So, we’ve read in the Bible of the feetwashing. So the lowest paid flunky of all the flunkies he had, was the feetwash flunky, because he had to wash the feet. And when the guests come, he set down, the first thing before he entered in the little hall or little corridor. And they wore sandals in those days. He slipped off his sandals, and he got some water, and he washed his feet and leg real good, and taken all the stench of the road off. And then when he did that, he set his sandals up and wiped them out good. And then he... The courtesy of the host, brought him a pair of cloth shoes he could wear in his house. So he slips on the cloth shoes. Now, his feet’s washed and now he has on cloth sandals.
Then as he enters into the next door, there’s a man standing there who has some ointments and oil. And the reason they did that for both men and women, them direct rays of the Palestinian sun cooked the neck, just browned it, and their face. It was worse than what the Arizona is, I suppose. So as they come in, there was a man stood there who... He held out his hands, and he gave him some and oil, and he oiled it over his hands, put it on his face, back behind his neck, and then he give him a towel and he’d wipe the oil off.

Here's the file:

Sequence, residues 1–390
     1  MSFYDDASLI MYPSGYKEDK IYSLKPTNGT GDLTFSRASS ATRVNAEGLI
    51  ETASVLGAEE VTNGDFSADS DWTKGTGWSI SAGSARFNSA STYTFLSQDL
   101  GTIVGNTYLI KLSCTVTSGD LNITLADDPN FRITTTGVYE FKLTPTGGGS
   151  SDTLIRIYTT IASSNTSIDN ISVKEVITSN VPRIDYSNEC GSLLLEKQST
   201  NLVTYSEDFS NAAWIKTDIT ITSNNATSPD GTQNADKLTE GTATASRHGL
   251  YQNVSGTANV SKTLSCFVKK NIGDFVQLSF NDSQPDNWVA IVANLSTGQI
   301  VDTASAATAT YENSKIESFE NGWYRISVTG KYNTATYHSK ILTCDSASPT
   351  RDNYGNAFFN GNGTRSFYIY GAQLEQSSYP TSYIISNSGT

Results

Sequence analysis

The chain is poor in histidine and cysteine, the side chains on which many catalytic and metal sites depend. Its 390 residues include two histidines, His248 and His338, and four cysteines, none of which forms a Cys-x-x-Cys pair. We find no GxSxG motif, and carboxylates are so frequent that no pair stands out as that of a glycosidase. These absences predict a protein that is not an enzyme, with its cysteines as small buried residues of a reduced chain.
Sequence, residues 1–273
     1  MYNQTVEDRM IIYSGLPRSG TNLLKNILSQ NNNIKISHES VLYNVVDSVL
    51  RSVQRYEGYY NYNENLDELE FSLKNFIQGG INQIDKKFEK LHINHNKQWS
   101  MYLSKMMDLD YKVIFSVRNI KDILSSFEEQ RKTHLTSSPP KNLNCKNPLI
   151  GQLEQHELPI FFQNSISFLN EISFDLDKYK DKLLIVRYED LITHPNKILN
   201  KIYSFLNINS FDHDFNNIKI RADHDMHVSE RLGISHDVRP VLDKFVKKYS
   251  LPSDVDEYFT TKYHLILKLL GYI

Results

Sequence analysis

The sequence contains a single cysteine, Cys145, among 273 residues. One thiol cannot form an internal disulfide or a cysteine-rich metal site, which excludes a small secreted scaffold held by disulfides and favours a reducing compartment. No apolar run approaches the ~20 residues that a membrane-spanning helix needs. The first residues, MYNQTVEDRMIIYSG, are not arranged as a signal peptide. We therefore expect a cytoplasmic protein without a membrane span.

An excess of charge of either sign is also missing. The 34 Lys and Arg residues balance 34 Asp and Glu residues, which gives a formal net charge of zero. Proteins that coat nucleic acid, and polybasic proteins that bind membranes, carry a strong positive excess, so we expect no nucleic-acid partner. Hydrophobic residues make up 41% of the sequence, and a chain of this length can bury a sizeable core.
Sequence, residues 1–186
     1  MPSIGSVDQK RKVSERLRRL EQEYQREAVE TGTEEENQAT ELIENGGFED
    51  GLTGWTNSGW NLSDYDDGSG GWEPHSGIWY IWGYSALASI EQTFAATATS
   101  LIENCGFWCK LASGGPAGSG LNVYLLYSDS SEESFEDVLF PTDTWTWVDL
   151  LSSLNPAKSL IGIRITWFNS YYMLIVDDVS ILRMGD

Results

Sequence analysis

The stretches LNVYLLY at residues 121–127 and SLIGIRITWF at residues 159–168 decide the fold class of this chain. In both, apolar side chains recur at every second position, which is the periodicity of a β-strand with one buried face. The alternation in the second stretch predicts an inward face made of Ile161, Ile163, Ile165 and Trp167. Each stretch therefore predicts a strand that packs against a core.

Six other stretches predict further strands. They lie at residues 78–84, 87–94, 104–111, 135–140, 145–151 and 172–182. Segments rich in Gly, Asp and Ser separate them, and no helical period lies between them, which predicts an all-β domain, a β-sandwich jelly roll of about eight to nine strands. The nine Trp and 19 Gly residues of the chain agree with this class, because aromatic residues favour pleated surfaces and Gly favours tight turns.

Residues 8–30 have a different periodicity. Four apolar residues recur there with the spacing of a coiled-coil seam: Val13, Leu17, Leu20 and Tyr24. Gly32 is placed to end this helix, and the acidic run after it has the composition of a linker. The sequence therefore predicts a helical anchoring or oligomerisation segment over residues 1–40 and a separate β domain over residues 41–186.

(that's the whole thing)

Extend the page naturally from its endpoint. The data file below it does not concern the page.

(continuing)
And when he wipes it off from his neck and from his hands, that oil had an odor about it, a beautiful odor, a real fragrance. What it was, it was made out of a certain little apple, the apple of the rose that had been... After the petals drop off, then it leaves a little apple. And this apple is found way in Arabia: very expensive. They crush this apple; and when they do, then they get the ointment out of it and put in this oil. This oil would deteriorate if it wasn’t for the sake of the perfume that’s in the—that goes into the oil.